Emory Bryan, News On 6
TULSA, Oklahoma -- Several of Oklahoma's own relief groups are poised to help in Japan, though most of their international experience has been in third world, undeveloped countries.
"Our primary place of service would likely be in the small towns and villages that were just wiped off the map," said Sam Porter, Oklahoma Baptist Disaster Relief.
Oklahoma Baptist Disaster Relief volunteers come with lots of experience. They are one of 42 state Baptist Disaster teams, but one of only 16 which works internationally.
Last year, they sent 240 Oklahomans to help out in Haiti. They installed 120 wells to provide fresh water.
"Since this is hitting a lot of the rural areas there could be a need for us to go in and reclaim water wells for the farmers, which is a specialty that we have that no one else is doing now," Porter said.
The tsunami swamped a lot of low lying farmland on the coast. Baptist Global Response, the parent organization, already has teams on the ground assessing the needs.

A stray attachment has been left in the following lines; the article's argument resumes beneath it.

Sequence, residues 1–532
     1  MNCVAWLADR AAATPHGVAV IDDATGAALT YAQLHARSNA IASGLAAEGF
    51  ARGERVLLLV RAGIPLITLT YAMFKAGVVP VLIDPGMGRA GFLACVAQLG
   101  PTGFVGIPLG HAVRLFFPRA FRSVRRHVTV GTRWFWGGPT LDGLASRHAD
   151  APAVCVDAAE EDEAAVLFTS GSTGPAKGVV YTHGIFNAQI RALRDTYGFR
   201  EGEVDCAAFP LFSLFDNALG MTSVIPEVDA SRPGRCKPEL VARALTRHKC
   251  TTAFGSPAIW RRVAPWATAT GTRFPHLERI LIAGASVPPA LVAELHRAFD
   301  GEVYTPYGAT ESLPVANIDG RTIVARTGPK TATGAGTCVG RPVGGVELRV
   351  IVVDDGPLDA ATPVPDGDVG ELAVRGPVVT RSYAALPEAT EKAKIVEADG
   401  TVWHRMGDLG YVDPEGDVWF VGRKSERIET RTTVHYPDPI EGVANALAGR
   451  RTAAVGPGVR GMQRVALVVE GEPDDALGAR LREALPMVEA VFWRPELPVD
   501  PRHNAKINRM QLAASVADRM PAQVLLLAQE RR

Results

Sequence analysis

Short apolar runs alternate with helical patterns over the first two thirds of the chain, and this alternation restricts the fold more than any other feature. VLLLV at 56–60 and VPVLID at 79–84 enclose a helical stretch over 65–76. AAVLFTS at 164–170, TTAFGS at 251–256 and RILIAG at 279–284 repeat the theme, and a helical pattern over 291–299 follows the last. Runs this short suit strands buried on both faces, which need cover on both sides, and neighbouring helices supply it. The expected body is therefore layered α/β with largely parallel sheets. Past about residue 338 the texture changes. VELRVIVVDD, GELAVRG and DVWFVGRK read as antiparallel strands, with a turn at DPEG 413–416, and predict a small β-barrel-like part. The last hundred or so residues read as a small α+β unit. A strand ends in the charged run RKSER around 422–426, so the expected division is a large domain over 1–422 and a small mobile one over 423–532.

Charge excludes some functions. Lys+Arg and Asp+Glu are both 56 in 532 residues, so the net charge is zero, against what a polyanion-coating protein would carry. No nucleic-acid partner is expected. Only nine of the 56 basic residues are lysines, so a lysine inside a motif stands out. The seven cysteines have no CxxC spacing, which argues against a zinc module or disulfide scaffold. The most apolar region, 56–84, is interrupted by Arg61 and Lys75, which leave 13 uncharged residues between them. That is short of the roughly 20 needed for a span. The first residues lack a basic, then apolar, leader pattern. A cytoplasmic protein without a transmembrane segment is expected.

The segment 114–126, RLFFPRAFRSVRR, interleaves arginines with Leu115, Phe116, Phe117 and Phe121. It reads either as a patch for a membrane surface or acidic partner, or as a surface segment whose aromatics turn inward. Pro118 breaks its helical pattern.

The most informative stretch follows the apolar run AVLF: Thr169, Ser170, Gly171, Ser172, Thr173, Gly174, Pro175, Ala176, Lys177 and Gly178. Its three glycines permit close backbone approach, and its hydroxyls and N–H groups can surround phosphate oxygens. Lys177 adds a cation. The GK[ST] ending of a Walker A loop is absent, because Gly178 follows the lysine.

They'll work directly with Baptist churches and missionaries in Japan.
"Everybody along the coast of Japan has lost somebody. They've lost friends and families, they've lost coworkers. They've lost neighbors. The whole country feels that loss," Porter said.
With the need so great, Porter is certain that Oklahoma Baptist can help, but right now, there's not much more they can do than wait.
"We're not going to get on a plane until we have specific assignment and mission, but I really expect to get that in the next few days," he said.
In Japan, though this disaster differs from what they've responded to before, Porter expects to get the results of the assessment in a day or two.
From there, they'll start working on the deployment. He does not expect they'll be needed as long as they were in Haiti.